10 Things You Didn't Know About Dolly Parton

Dolly Parton once entered a Dolly Parton look-a-like contest. And she lost.

Kristy Puchko
21 . 01 . 15

Over the past fifty-some years, she has gone from a chipper country starlet to a worldwide icon of music and movies whose fans consistently pack a theme park made in her honour. Dolly Parton is loved, lauded, and larger than life. But even her most devoted admirers might not know all there is to this Backwoods Barbie.

1. Amusement park rides aren't for her.

Her theme park Dollywood offers a wide variety of attractions for all ages. Though she's owned it for nearly 30 years, Parton has declined to partake in any of its rides. She has explained, "My daddy used to say, 'I could never be a sailor. I could never be a miner. I could never be a pilot,' I am the same way. I have motion sickness. I could never ride some of these rides. I used to get sick on the school bus."

2. She entered a Dolly Parton look-a-like contest—and lost.

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Apparently Parton doesn't do drag well. She told ABC, “At a Halloween contest years ago on Santa Monica Boulevard where all the guys were dressed up like me, I just over-exaggerated my look and went in and just walked up on stage…I didn’t win. I didn’t even come in close, I don’t think.”

3. Parton spent a fortune to recreate her childhood home.

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She and her eleven siblings were raised in a small house in the mountains of Tennessee that lacked electricity and indoor plumbing. When Parton bought the place, she hired her brother Bobby to restore it to the way it looked when they were kids. "But we wanted it to be functional," she recounted on The Nate Berkus Show, "So I spent a couple million dollars making it look like I spent $50 on it! Even like in the bathroom, I made the bathroom so it looked like an outdoor toilet.” You do you, Dolly.

4. She won't apologise for Rhinestone.

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Parton is well-known for her hit movies Steel Magnolias and 9 to 5, less so for the 1984 flop Rhinestone. The comedy musical about a country singer and a New York cabbie was critically reviled and fled from theaters in just four weeks. But while her co-star Sylvester Stallone has publicly regretted the vehicle, Parton declared in her autobiography My Life and Other Unfinished Business that she counts Rhinestone's soundtrack as some of her best work, especially "What a Heartache."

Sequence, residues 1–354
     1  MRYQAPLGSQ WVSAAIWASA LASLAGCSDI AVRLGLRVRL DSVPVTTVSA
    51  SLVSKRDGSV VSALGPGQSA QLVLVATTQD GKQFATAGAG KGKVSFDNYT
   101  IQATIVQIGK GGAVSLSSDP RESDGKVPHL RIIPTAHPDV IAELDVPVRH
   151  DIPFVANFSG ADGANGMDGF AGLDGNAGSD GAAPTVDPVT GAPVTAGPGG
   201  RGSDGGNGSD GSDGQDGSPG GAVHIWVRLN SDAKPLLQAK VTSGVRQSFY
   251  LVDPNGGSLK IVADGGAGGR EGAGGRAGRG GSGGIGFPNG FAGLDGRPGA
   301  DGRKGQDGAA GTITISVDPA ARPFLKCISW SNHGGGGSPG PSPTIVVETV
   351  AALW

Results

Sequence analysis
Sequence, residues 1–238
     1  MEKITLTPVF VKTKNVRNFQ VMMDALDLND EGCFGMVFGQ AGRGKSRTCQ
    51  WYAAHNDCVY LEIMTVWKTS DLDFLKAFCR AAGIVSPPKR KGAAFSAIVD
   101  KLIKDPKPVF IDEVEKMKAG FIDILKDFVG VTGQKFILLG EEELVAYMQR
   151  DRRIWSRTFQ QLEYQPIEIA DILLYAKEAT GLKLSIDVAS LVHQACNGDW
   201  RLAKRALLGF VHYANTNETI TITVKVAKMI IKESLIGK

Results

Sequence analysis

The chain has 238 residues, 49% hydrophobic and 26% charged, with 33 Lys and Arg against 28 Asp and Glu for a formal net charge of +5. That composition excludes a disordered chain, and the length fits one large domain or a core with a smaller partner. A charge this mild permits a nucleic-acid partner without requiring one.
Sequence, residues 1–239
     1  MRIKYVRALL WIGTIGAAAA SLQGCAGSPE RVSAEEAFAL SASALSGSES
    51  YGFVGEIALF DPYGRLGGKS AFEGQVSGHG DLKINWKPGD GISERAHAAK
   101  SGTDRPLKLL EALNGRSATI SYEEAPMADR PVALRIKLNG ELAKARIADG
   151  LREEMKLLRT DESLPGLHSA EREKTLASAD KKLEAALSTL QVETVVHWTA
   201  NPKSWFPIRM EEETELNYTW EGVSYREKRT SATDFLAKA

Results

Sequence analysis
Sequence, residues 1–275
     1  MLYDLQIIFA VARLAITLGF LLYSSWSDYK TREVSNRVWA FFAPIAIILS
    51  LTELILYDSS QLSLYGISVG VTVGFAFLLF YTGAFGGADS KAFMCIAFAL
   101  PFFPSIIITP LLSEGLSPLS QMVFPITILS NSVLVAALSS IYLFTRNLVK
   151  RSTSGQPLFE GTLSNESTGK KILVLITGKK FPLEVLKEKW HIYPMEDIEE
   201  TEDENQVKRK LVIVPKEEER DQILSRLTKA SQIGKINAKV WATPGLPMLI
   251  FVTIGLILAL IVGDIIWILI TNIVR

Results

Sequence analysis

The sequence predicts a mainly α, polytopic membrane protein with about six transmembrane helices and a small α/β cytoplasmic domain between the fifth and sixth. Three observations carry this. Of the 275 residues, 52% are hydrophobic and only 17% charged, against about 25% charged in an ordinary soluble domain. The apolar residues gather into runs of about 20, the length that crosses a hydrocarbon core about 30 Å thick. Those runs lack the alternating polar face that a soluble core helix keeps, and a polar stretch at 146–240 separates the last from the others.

5. Parton is Miley Cyrus's godmother, sort of.

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"I'm her honorary godmother. I've known her since she was a baby," Parton said to ABC. "Her father (Billy Ray Cyrus) is a friend of mine. And when she was born, he said, 'You just have to be her godmother,' and I said, 'I accept.' We never did do a big ceremony, but I'm so proud of her, love her and she's just like one of my own." Parton also played Aunt Dolly on Cyrus's series Hannah Montana.

6. She received death threats from the Ku Klux Klan.

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In the mid-2000s, Dollywood joined the ranks of family amusement parks participating in "Gay Days," a time when families with LBGT members are encouraged to celebrate together in a welcoming community environment. This riled the KKK, but their threats didn't scare Dolly. "I still get threats," she has admitted, "But like I said, I'm in business. I just don't feel like I have to explain myself. I love everybody."

7. Parton started her own "library" to promote literacy.

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In 1995, she founded Dolly Parton's Imagination Library with the goal of encouraging literacy in her home state of Tennessee. Over the years, the program—built to post children age-appropriate books—spread nationwide in the U.S., as well as to Canada, the U.K., and Australia. When word of the Imagination Library hit Reddit, the swarms of parents eager to sign their kids up crashed the Imagination Library site. It is now back on track, accepting new registrations and donations.

8. Parton's hometown has a statue in her honour.

This photo of Dolly Parton Statue is courtesy of TripAdvisor

A stone's throw from Dollywood, Sevierville, Tennessee is where Parton grew up. Between stimulating tourism and her philanthropy, this proud native has given a lot back to her hometown. And Sevierville residents returned that appreciation with a life-sized bronze Dolly that sits barefoot, beaming, and cradling a guitar, just outside the county courthouse. The sculpture made by local artist Jim Gray was dedicated on May 3, 1987. Today it is the most popular stop on Sevierville's walking tour.

9. The cloned sheep Dolly was named after Parton.

In 1995 scientists successfully created a clone from an adult mammal's somatic cell. This game-changing breakthrough in biology was named Dolly. But what about Parton inspired this honor? Her own groundbreaking career? Some signature witticism or beloved lyric? Nope. It was her iconic big bust. English embryologist Ian Wilmut revealed, "Dolly is derived from a mammary gland cell and we couldn't think of a more impressive pair of glands than Dolly Parton's."

10. She turned down Elvis.

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After Parton made her own hit out of "I Will Always Love You," the King's manager, Colonel Tom Parker, reached out in hopes of having Presley cover it. But part of the deal demanded Parton surrender half of the publishing rights to the song. She has shared, "Other people were saying, 'You're nuts. It's Elvis Presley. I'd give him all of it!'" Parton has admitted, "But I said, 'I can't do that. Something in my heart says don't do that.' And I didn't do it and they didn't do it."

It may have been for the best. Whitney Houston's cover for The Bodyguard soundtrack in 1992 was a massive hit that has paid off again and again for Parton.